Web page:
If you’ve taken things too far and need to remove decking oil, or you want to remove a old decking oil and use a different finishing product like a stain or varnish, how do you do it?
Oils soak into the wood rather than just sitting on the surface, so while it’s easy enough to sand them off at surface level, it’s very difficult to get the product out of the grooves. If your deck is oiled, it’s best to use another oil rather than try to remove it and replace it with a stain or paint. Oils are, after all, the best product for decking because they penetrate the wood and protect it so much better, for longer, than something that just sits on the surface, and they let the lovely natural wood grain show through.
There’s a lot of talk online about getting rid of decking oil and replacing it with stain or paint, but the advice is always the same – it’s a huge challenge and you’re probably best off letting it lie. You could try white spirit or a jet washer but even they are far from ideal. Your best bet is to stick with oils. Here’s why…
- Sanding only works when the deck is smooth, not grooved, and it won’t remove oil from the grooves
- You can use a jet washer to clean decking finished with oil but it comes with risks of its own – you could damage the wood surface or contaminate the soil as the powerful jet of water pushes the finish out of the wood onto plants and into the ground
- If you really want to re-treat your decking with a sealer (even though sealers aren’t the best idea for decking) you might be able to remove your oil-based finish with white spirit… on the other hand you might not, and it’s an awful lot of work
The easy way – Replacing other decking finishes with oil
Rather than try to remove an oil finish and replace it with something that won’t do as good a job – like a stain or varnish – it’s always easier to remove a non-oil finish and replace it with decking oil. A decking stripper, for example, is a great way to get rid of many decking stains and paints so you can replace it with a lovely oil.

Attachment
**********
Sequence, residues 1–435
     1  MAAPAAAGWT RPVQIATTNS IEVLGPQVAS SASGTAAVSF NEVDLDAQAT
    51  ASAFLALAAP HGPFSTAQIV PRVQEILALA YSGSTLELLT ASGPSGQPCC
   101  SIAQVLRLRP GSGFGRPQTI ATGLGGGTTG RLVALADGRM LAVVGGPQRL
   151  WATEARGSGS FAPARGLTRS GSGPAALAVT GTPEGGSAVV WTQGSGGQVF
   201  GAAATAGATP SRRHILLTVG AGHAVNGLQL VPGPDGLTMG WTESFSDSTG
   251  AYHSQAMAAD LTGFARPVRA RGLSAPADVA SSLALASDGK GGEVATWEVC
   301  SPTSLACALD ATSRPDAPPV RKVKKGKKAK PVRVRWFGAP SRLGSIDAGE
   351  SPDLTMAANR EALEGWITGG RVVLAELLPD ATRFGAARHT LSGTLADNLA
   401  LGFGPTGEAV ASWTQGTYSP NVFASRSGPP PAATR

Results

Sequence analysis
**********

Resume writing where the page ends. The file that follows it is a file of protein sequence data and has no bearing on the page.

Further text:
Make life easy with a good decking oil
If you want to re-treat a previously oiled decking with a fresh coat of oil – which is what we’d recommend – it’s a much easier job. You won’t even have to remove all the old oil. Just clean the surface thoroughly using a good quality decking cleaner, which will get rid of the dirt, then re-oil it. 2-3 coats should do the trick. If you’re looking for a great quality decking oil, we highly recommend Holzol Decking Oil.
How to maintain a perfect decking oil finish for longer
As a rule, the better you maintain your deck, the less frequently you’ll need to re-oil it.
- You can’t beat a simple brush for a start, keeping the wood surface free of mud, soil, leaves and so on. Regular sweeping makes a huge difference to the life of a deck
- Cleaning is your next job, regularly using a decking cleaner to get rid of moss, mould and algae and prevent regrowth for as long as six months
- Re-finish your deck with oil whenever it starts looking tatty or worn, to help prevent damage before it starts to happen
Need help with your decking project?
For more information about decking treatments and their uses, contact our team of resident experts who are always on hand to help with project advice and product recommendations. Alternatively, see our decking treatments FAQ page which covers many of the most commonly asked questions about decking treatments.